HBR published an article by Jimenez in its December 2012 issue, reflecting on how he went about averting the impact of the Diovan ‘patent cliff’. Jiminez went on to became CEO in 2010.
At this stage I’d ask you to put aside any negative views you have regarding profit generation in the pharmaceuticals industry and look at this article for its business lessons.
One of the key lessons identified by Jiminez was the need for a fresh view – in this case it was provided by Jiminez himself. There is no doubt that a fresh perspective is extremely valuable. But don’t just look for an outsider to come in and solve all your problems. As Jim Collins pointed out in Good to Great, 10 of the 11 CEOs of the ‘great’ companies came from within the organisation. And if you are looking for a fresh perspective, try a story listening approach by collecting examples from within your organisation and taking decision makers through a sensemaking process. The insights from this process are often significant. We wrote a whitepaper about using story-based approaches to create insight back in 2011.
Jiminez also identified one of the common patterns in organisations… “one of the key problems in transforming organisations is creating a culture where people are comfortable to speak up”. Jimenez points out that it took considerable effort to make people throughout the company comfortable telling him what they really thought and that this was a significant part of this success.
The article finishes “it takes a great team aligned around a common purpose to work through the challenges and deliver this.” Great advice, but definitely much easier said than done.
We’ve just released tickets for our [Storytelling for Leaders](http://www.anecdote.com/storytelling-program.php) program in Canberra on Friday, 15th February 2013.
Tickets for this workshop are $695, which includes our [Deliberate Practice Program](http://www.anecdote.com/storytelling-dpp.php) valued at $420, and is fully catered.
We haven’t run one of these public workshops in Canberra for a couple of years, so now’s your chance. Get in early, tickets will sell quickly.
I’m just reading the Art of Explanation by Lee LeFever. I’m at the chapter on storytelling and LeFever opens with two ways to describe a blog.
A blog is a personal journal published on the World Wide Web consisting of discrete entries (“posts”) typically displayed in reverse chronological order to the most recent post appears first. Blogs are usually the work of a single individual, occasionally of a small group, and often themed on a single subject.
— Wikipedia, 2012
Meet Allison. She recently created a website where she posts information about her experiences raising a puppy. Her website is an online journal, or blog, where she posts a new entry that appears at the top of her page every few days. This stream of entries has enabled her to connect with dog lovers from around the world.
He makes the point that both contain the same information but do it in quite different ways. The former being fact telling. The latter, story telling.
I like the idea LeFever is making but his example of a story is not quite a story. It is missing a vital element.
Here is an alternative that contains the missing element. Can you pick the difference?
In 2006 David Maister, an expert in professional service firms, started his blog (short for web-log). A blog is like an online journal. David would share his thoughts day-by-day, with his latest ideas appearing at the top of the page. He also encouraged his readers, like me, to leave comments.
As I was just starting my business I thought I would email David seeking his help. He called me from Boston the next day and to my utter surprise he said he would waive his high fees because he now thought of me as a friend after reading my online comments on his blog.
A story must have something unanticipated in it. Enough for you to exclaim, Oh! that’s interesting. Something needs to happen that is unexpected (though not necessarily alarming). A story needs to have a time or place marker, things happening, and something unexpected. Of course great stories are made of much more than that, but these are the things that need to be at a story’s core.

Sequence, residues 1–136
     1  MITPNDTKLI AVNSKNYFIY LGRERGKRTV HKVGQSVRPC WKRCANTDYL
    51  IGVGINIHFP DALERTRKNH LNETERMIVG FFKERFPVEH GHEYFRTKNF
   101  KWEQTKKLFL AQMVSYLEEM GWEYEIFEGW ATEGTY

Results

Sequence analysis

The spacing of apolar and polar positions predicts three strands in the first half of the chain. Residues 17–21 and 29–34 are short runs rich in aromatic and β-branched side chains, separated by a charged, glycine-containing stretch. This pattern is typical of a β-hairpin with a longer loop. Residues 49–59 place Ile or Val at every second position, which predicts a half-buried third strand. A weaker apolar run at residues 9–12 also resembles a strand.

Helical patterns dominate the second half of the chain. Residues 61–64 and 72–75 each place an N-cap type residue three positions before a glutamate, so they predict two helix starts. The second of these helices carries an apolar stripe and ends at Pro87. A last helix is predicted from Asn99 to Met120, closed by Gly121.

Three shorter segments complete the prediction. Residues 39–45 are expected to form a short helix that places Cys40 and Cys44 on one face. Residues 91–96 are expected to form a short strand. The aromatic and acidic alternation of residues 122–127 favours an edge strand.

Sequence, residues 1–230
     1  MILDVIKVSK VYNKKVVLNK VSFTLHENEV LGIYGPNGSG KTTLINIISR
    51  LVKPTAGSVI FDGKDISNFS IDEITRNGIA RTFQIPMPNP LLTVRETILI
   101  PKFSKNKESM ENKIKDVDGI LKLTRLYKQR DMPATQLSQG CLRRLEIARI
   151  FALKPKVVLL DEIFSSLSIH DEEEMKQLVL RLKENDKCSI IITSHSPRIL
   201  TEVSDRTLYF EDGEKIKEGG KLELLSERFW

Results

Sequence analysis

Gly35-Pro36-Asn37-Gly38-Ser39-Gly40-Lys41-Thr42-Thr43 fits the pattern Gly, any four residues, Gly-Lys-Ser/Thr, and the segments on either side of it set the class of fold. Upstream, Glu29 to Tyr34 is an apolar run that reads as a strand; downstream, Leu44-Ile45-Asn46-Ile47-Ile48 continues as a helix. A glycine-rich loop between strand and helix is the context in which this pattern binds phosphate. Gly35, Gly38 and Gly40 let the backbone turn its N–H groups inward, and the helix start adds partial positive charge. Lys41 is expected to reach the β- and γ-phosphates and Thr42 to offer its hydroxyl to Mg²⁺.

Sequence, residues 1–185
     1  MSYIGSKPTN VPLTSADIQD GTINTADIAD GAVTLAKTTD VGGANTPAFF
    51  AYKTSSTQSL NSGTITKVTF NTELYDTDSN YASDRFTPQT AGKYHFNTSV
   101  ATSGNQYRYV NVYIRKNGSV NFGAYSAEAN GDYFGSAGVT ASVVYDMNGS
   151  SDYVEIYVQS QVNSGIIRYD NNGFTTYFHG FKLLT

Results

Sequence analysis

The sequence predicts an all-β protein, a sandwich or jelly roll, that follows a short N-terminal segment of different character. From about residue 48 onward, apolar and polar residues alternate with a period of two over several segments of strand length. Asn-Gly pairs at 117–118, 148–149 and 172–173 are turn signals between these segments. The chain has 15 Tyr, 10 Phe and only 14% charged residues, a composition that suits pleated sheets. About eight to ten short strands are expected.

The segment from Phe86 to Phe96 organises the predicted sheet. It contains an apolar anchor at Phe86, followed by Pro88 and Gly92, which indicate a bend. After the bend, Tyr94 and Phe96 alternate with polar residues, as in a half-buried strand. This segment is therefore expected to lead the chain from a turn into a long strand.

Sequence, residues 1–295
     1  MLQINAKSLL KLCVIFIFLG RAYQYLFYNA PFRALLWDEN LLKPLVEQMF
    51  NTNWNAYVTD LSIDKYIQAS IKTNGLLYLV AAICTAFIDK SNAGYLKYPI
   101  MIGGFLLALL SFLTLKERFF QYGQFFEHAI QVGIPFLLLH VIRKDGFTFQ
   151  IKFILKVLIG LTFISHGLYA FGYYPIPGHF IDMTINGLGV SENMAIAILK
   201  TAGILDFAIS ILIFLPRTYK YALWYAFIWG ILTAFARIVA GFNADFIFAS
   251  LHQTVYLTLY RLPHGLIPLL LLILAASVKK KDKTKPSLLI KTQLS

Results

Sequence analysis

LeFever’s example starts out like a story, … she recently created a website (time marker). But what follows is merely a description.
As Mallary Jean Tenore beautifully puts it in a recent Poynton article, “A story is a promise that the end is worth waiting for.”
I see many story practitioners defining stories by saying things like, “the protagonist needs to have a challenge.” I’m afraid these types of definitions have been overly influenced by Big S storytelling and the Hero’s Journey. There are many stories that don’t adhere to the ‘challenge’ definition. Take a coincidence story for example.
A few years ago I took my family on a road trip from Canberra to Perth and back, about 8000 km return. On the return leg we pulled into Eucla, pitched our tent and I walked over to the petrol station to buy some milk. In the petrol station was Allan Fox, a dear friend who was in Eucla for 2 days to photograph the amazing sand dunes there. The chances of us meeting in such a remote place must have been a million to one.
This is definitely a story but I wouldn’t say the protagonist had any challenges to overcome. Things happened and something unanticipated happened. And, by the way, experience tells me that people love coincidence stories.
Those who claim to have narrative intelligence, but don’t, confuse those who are new to storytelling into thinking that a story can be a description, or that a story needs to involve a hero’s journey. It is impossible to develop narrative intelligence unless we first understand what a story is, and only then can we truly take advantage of storytelling.
Just be reading the transcript of Oprah’s interview with disgraced drug cheat, Lance Armstrong and was intrigued by how even he keep using the term ‘story’ and ‘narrative’ throughout the interview.
Here are a couple of examples;
Armstrong admits he was a “bully” because he tried to “control the narrative”.
“The story was so perfect for so long … It’s just this mythic perfect story and it wasn’t true.”
Read more about the interview here.
One of the other reasons why you don’t want to turn your storytelling into a performance is explained in this post I wrote on the Uncanny Valley.
We’re excited to announce that we’ll be running a series of public workshops in early 2013, kicking off with our [Storytelling for Leaders](http://www.anecdote.com/storytelling-program.php) program in Melbourne on Wednesday, 13th February 2013.
Tickets for this workshop are only $695 and all attendees will automatically receive a free [Deliberate Practice Program](http://www.anecdote.com/storytelling-dpp.php) valued at $420.
There are only six places available, so you’ll need to be quick.